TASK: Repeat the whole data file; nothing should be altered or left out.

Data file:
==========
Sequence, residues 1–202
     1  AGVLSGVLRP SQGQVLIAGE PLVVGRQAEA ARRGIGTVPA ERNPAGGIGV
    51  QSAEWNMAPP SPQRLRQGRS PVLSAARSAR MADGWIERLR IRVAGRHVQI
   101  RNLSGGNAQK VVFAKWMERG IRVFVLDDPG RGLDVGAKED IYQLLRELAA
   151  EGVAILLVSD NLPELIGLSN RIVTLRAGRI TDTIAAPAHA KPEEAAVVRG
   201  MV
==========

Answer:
Sequence, residues 1–202
     1  AGVLSGVLRP SQGQVLIAGE PLVVGRQAEA ARRGIGTVPA ERNPAGGIGV
    51  QSAEWNMAPP SPQRLRQGRS PVLSAARSAR MADGWIERLR IRVAGRHVQI
   101  RNLSGGNAQK VVFAKWMERG IRVFVLDDPG RGLDVGAKED IYQLLRELAA
   151  EGVAILLVSD NLPELIGLSN RIVTLRAGRI TDTIAAPAHA KPEEAAVVRG
   201  MV